The late African American poet and civil rights activist Audre Lorde argued that the “erotic” involves various forms of personal pleasure, from sexuality and physical appearance to art, music, poetry, and performance. During the 1970s, Lorde advocated for African American women to empower themselves by embracing the erotic as part of the black feminist movement. Conference organizers highlighted Lorde’s definition of the erotic in their call for papers and panels, which yielded a record number.
Consuela Francis, College of Charleston professor of African American studies explains, “We will come together to examine what it means to be black, female, male, gay, straight, and anything in between. In doing so, we acknowledge our agency and power, and collectively unleash the black erotic.”
“This conference is very unique,” Lessane adds. “The interdisciplinary nature of ours, and the focus on different black sexualities really makes this conference one of the first of its kind.”
In addition to the panels, there will also be a dramatic performance by E. Patrick Johnson that is free and open to the public. The one-man-show is entitled “Sweet Tea: Stories of Gay Black Men in the South.”
This conference is hosted jointly by the Avery Research Center and the African American Studies program at the College of Charleston. For more information, contact firstname.lastname@example.org or 843.953.7609.
Unleashing the Black Erotic:
Gender and Sexuality—Passion, Power, and Praxis
The College of Charleston’s Avery Research Center and African American Studies Program
2013 Conference and Symposium
September 18-21, 2013
Historic Downtown Charleston, SC
I believe in the erotic and I believe in it as an enlightening force within our lives as women. I have become clearer about the distinctions between the erotic and other apparently similar forces. We tend to think of the erotic as an easy, tantalizing sexual arousal. I speak of the erotic as the deepest life force, a force which moves us toward living in a fundamental way. And when I say living I mean it as that force which moves us toward what will accomplish real positive change. -Audre Lorde
Invited Scholars: Joan Morgan, E. Patrick Johnson, Marlon M. Bailey, Farah Jasmine Griffin, Treva Lindsey, Kaila Story. Jointly hosted by the Avery Research Center and African American Studies at the College of Charleston, this conference will feature presentations addressing various topics, including: Black bodies in popular culture; Black sexuality in television, film, and literature; Black women and the politics of respectability; Hip Hop and hypersexuality of Black Women; alternative modes of Black love and family; the politics and economics of porn; iconic Queer motifs; and the Black body and public health.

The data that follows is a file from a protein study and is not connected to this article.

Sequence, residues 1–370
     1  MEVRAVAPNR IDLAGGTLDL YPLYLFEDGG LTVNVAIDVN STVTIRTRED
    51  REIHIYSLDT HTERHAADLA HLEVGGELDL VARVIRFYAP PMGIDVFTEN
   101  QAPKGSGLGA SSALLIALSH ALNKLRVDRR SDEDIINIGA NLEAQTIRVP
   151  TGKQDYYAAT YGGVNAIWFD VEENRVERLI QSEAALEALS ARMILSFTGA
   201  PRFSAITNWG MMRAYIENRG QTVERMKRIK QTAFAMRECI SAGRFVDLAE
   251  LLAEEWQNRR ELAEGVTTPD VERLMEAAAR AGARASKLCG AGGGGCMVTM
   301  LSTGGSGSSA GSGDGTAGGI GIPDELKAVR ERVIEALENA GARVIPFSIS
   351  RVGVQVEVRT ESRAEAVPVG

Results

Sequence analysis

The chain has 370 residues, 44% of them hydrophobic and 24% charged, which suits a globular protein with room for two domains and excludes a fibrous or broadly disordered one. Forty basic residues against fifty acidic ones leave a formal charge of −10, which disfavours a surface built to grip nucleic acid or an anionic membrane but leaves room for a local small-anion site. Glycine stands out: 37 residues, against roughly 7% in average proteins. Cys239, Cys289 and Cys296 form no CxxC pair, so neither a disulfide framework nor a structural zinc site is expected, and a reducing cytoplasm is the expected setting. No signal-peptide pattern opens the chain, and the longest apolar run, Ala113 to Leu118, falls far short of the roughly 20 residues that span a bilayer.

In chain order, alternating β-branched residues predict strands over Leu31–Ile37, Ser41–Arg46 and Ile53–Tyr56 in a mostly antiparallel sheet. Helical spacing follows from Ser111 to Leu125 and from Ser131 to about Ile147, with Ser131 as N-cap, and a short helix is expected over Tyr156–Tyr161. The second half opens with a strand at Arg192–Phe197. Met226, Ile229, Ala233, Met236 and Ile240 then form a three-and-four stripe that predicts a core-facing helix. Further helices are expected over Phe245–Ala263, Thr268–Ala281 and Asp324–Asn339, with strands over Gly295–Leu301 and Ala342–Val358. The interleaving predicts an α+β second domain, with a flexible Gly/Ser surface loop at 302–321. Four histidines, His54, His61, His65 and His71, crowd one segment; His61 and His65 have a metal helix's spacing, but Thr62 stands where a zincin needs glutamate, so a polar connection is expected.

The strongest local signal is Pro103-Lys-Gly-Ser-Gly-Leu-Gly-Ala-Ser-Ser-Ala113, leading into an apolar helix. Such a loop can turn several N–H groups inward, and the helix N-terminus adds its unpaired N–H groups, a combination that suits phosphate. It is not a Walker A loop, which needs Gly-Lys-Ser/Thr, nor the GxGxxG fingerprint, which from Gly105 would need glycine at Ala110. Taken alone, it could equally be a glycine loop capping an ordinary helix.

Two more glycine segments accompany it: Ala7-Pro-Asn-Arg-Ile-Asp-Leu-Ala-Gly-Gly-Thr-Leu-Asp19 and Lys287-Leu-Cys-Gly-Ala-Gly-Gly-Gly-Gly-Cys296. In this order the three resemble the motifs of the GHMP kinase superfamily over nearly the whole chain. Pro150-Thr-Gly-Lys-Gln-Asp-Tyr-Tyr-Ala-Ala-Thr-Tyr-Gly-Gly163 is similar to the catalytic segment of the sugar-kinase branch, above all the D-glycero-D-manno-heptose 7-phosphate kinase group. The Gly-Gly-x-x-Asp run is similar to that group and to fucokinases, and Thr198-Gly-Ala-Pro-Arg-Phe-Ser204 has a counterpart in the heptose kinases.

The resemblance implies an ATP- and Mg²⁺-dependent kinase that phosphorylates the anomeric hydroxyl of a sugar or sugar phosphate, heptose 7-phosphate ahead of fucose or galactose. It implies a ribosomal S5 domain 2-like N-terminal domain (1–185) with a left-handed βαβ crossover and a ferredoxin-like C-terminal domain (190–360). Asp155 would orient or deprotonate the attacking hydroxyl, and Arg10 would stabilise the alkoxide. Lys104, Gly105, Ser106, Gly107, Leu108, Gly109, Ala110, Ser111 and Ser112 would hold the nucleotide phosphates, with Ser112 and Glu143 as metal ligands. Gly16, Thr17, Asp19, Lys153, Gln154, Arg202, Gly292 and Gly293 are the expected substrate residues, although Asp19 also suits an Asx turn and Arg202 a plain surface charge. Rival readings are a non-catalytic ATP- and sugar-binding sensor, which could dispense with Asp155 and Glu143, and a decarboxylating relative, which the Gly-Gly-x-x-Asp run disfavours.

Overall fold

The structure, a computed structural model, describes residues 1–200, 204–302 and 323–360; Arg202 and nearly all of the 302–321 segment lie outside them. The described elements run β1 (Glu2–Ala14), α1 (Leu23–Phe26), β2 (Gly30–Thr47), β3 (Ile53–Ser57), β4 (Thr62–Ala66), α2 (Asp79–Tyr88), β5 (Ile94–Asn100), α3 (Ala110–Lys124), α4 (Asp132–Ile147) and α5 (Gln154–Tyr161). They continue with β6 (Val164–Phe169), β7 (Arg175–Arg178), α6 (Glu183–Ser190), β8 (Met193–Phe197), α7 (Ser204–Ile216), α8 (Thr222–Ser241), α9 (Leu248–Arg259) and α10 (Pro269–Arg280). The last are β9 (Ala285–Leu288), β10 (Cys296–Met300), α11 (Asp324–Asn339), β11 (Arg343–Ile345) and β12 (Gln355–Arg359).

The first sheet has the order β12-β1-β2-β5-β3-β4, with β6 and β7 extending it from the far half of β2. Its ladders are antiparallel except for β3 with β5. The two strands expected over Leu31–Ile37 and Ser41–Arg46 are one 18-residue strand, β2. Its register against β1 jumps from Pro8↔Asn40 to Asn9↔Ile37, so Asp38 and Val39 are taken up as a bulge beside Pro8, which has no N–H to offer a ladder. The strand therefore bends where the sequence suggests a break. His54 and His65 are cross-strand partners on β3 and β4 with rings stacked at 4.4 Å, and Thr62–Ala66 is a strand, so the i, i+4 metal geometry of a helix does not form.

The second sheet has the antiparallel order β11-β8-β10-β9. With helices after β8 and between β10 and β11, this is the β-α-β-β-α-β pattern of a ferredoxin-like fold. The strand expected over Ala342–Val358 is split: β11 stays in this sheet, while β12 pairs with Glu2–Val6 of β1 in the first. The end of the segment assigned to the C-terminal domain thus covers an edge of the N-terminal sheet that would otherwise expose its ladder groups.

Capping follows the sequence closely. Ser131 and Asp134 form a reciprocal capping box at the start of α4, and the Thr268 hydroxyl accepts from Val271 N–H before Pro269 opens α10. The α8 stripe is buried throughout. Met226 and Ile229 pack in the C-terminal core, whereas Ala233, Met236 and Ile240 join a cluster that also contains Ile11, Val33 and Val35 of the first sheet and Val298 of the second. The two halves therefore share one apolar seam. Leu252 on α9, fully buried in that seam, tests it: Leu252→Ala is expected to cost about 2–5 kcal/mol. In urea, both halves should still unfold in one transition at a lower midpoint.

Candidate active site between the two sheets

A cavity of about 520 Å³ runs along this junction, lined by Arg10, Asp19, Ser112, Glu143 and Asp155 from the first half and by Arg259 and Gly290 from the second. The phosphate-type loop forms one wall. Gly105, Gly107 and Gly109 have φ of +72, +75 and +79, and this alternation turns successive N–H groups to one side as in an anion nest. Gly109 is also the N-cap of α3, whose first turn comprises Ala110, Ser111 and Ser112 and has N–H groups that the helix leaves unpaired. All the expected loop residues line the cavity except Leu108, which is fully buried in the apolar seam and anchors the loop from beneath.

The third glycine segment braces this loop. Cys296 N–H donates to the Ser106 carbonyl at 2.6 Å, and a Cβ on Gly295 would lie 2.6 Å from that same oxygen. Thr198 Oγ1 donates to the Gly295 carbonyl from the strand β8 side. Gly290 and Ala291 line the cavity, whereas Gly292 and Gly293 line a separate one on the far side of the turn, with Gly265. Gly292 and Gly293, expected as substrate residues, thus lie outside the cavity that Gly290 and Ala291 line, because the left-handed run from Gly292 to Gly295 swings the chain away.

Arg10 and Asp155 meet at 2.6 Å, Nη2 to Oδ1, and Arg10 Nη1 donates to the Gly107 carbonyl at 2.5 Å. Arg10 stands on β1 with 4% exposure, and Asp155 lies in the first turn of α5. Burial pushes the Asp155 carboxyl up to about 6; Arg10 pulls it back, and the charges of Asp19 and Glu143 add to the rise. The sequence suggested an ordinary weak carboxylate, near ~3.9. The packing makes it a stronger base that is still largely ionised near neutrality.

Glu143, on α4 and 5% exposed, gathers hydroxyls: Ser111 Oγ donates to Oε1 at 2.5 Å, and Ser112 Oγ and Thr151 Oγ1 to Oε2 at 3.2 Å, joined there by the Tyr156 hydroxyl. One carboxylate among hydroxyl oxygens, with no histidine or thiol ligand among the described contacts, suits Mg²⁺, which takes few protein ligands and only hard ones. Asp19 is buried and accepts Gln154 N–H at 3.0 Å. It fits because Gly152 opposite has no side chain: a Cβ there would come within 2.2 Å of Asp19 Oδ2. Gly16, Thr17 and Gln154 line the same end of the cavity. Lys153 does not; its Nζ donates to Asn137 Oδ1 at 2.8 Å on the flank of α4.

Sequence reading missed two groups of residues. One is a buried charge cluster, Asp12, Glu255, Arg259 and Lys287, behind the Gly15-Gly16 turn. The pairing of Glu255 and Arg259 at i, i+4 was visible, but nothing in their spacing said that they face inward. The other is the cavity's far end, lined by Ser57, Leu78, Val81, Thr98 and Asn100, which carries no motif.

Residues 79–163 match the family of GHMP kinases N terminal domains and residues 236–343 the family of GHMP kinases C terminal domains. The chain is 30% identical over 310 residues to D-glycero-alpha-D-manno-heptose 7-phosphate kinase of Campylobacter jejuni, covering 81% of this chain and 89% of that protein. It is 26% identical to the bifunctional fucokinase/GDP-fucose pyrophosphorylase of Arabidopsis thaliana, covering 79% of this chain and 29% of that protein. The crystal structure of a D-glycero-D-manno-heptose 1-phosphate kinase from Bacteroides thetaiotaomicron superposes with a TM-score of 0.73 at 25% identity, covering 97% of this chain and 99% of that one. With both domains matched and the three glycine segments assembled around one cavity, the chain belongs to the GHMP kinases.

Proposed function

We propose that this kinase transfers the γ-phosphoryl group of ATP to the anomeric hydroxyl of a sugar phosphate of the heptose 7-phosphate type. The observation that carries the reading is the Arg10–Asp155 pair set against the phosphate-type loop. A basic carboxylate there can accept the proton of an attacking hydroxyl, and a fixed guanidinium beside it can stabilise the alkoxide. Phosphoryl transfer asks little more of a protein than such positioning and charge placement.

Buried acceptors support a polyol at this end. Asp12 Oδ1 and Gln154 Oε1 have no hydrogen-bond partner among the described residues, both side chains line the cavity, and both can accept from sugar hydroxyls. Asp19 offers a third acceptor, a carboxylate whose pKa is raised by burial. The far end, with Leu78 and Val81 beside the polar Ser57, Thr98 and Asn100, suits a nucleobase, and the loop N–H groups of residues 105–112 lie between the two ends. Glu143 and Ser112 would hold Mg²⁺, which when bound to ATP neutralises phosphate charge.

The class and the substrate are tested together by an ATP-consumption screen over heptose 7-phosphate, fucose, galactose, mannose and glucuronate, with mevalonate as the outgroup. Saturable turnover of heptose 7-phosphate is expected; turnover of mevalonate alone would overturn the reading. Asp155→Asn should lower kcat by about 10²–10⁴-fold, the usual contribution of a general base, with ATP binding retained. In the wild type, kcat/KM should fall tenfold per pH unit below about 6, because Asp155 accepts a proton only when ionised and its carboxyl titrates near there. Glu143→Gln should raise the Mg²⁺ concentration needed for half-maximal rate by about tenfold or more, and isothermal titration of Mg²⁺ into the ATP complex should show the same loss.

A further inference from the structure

*Conference Events Open to the Public:
Keynote lecture by Dr. Joan Morgan, Thursday, September 19, 4:00 pm, Avery Research Center. Joan Morgan, leading hip-hop feminist, is a critically acclaimed critic and editor, and author of the seminal When Chickenheads Come to Roost: A Hip Hop Feminist Breaks It Down. Her current theorizing of the “politics of pleasure” promises to revolutionize the way we think of black women, desire and respectability.
Dramatic Performance by Dr. E. Patrick Johnson, “Sweet Tea: Black Gay Men of the South,” Friday, September 20, 7:00 pm, Avery Research Center. E. Patrick Johnson is a performer and scholar of performance studies, critical race theory, and queer theory. He is currently Chair of the Department of Performance Studies at Northwestern University, where he is also a member of the core faculty in the Department of African American Studies. Johnson’s first book, Appropriating Blackness: Performance and the Politics of Authenticity was an important study of how “blackness” was “performed” and contested in different social contexts, particularly in relationship to gender and sexuality. His most recent work is an oral history of black gay men in the southern United States entitled Sweet Tea: Black Gay Men of the South, published by the University of North Carolina Press.
For additional information, please contact Dr. Conseula Francis, Associate Professor, English Department and Program Director, African American Studies Program at email@example.com and Dr. Patricia Williams Lessane, Executive Director, Avery Research Center, at firstname.lastname@example.org.